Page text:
Changing all-star voting isn’t all about reducing fans’ power
In 2009, the NBA was on the verge of “All-Star Gate.” Yi Jianlian was threatening — really threatening — to be an all-star starter in the East. His vote totals were putting him in the mix with the likes of LeBron James and Kevin Garnett. He barely missed making it. The NBA sighed with relief. Had Jianlian, who averaged 8.6 points that season, been an all-star starter, there might have been a mini-revolt. He spent three more seasons in the NBA, and then he was gone. We haven’t seen him or his career average of 7.9 points per game since.
Last week, the NBA slipped in changes to how all-star teams will be selected. There were a few stories noting the changes, but not a lot of fanfare. The old: Fans voted for the starters. Now: All-star starters will be 50 percent fan vote, 25 percent player vote and 25 percent media vote. You think it’s just to cut out ballot-stuffing? That’s only part of it. This isn’t a full-on assault on fans.
The other? Money. More on that shortly.
This is a partial list of players who shouldn’t have been all-star starters:
• Steve Francis in 2004, a year when Sam Cassell was more deserving.
• B.J. Armstrong in 1994. He got more votes than Scottie Pippen on the Michael Jordan-less Bulls. Only Charles Barkley and Shaquille O’Neal racked up more all-star votes. Huh?
• A.C. Green in 1990. He had averages of 13.3 points, 9.0 rebounds and 1.0 assists — and he started ahead of Chris Mullin, David Robinson and Tom Chambers that year.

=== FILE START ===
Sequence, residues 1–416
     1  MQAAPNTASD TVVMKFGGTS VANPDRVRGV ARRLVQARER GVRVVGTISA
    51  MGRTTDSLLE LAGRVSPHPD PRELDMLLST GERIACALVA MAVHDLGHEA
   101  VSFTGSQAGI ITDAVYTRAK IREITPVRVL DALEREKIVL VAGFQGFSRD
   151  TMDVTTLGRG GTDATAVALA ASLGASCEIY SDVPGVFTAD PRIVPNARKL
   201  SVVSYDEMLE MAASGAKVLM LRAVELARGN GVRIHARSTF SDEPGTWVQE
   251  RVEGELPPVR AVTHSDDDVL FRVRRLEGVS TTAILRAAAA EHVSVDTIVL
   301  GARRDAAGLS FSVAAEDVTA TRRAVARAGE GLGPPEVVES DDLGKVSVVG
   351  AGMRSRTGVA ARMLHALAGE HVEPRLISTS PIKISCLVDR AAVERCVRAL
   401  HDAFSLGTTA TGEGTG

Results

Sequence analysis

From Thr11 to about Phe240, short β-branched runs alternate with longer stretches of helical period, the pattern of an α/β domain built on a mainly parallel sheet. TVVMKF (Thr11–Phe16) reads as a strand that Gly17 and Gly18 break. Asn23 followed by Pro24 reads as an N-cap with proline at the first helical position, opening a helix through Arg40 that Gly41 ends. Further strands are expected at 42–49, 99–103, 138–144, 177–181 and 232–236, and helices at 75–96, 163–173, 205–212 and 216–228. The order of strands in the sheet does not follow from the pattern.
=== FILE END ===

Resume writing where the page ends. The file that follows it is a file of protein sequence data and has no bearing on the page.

• In 2014, Kobe Bryant pleaded with fans to not vote for him. He didn’t play in a game until Dec. 8. Then he got hurt. The Lakers were 2-4 in the games he played, he averaged 13.8 points, 4.3 rebounds and 6.3 assists … and he was an all-star starter. With the most votes.
But the bigger issue has to do with contracts. You may have heard of the “designated player extension.” Maybe you haven’t. There are only seven players in the NBA who have contracts under this rule, which allows for the original team to offer more money than even the usual max deals. Each team can have only one. The upshot of it: Players have to meet certain criteria to be eligible for such an extension. Being an all-star starter is one of them.
Can’t leave that up to ballotstuffing. Money is at stake.
So fans must relinquish 50 percent of their power, and live with whoever is on the court. Those players will be deserving, no doubt. And that’s the overall point, to make sure the popularity aspect of it is held to a minimum at best. And, frankly, in that respect, everybody wins.